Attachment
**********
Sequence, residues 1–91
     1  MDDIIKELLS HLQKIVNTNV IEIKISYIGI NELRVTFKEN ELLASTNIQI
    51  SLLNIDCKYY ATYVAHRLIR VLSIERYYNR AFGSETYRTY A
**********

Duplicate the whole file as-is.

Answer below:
Sequence, residues 1–91
     1  MDDIIKELLS HLQKIVNTNV IEIKISYIGI NELRVTFKEN ELLASTNIQI
    51  SLLNIDCKYY ATYVAHRLIR VLSIERYYNR AFGSETYRTY A